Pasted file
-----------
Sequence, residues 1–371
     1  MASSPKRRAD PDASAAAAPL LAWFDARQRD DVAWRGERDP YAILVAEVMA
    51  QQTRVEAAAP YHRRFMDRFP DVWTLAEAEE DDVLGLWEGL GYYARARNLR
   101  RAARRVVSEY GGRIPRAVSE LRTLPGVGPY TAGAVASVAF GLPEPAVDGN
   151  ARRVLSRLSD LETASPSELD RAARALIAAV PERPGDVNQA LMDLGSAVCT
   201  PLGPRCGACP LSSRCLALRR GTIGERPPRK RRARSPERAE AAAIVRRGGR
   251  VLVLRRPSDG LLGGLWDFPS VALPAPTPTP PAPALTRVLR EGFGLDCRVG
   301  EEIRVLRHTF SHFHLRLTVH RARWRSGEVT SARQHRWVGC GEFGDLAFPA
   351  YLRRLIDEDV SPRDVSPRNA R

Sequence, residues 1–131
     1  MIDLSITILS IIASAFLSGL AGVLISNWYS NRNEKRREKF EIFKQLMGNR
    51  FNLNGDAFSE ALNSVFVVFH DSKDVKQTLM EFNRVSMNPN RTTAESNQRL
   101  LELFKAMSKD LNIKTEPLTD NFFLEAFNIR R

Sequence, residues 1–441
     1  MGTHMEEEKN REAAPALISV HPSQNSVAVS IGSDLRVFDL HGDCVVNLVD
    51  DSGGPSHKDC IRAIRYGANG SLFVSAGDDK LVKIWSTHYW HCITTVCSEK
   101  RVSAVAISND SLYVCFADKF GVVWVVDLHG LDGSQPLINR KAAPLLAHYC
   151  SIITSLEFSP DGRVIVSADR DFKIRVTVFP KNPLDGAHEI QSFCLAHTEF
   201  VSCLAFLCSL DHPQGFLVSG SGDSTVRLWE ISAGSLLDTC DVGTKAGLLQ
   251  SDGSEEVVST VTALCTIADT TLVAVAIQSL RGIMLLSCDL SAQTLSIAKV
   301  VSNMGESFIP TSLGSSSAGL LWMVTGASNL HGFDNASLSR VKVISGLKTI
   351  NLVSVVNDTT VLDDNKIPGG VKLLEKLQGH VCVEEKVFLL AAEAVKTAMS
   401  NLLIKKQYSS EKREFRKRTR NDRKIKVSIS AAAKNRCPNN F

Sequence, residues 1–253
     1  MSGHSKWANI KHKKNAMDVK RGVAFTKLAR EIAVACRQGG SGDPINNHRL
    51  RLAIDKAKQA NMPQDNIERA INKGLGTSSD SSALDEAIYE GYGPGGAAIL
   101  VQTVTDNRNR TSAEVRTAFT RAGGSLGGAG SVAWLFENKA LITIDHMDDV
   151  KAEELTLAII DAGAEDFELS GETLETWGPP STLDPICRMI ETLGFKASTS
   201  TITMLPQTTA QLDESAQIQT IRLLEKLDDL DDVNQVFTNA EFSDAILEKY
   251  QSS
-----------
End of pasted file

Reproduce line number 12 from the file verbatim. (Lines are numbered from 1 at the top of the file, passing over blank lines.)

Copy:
    51  FNLNGDAFSE ALNSVFVVFH DSKDVKQTLM EFNRVSMNPN RTTAESNQRL